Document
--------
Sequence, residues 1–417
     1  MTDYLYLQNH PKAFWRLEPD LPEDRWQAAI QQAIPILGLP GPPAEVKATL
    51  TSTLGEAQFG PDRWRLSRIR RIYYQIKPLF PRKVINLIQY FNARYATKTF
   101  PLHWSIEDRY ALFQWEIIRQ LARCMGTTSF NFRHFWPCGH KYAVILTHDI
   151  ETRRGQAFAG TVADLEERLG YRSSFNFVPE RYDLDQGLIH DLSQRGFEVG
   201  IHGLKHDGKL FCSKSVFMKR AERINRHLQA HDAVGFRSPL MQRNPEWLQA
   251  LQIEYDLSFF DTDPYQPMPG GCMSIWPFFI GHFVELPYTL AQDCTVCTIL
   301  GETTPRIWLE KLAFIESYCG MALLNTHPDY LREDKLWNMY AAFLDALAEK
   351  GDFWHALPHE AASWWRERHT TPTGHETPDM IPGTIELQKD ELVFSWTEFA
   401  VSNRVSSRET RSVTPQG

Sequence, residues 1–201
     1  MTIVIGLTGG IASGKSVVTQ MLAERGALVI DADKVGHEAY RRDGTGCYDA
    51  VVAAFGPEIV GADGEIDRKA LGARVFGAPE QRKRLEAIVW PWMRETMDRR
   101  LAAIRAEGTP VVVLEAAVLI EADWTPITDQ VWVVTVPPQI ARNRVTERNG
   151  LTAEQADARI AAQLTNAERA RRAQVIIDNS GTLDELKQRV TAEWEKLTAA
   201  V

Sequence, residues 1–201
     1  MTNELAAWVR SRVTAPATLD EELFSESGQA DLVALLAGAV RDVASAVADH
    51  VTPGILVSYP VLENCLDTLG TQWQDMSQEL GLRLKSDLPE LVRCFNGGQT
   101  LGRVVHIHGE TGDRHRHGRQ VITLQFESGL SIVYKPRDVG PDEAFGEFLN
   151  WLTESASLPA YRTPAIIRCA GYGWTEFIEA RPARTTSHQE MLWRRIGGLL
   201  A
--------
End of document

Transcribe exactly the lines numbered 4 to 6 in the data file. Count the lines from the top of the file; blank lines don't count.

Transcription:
   101  PLHWSIEDRY ALFQWEIIRQ LARCMGTTSF NFRHFWPCGH KYAVILTHDI
   151  ETRRGQAFAG TVADLEERLG YRSSFNFVPE RYDLDQGLIH DLSQRGFEVG
   201  IHGLKHDGKL FCSKSVFMKR AERINRHLQA HDAVGFRSPL MQRNPEWLQA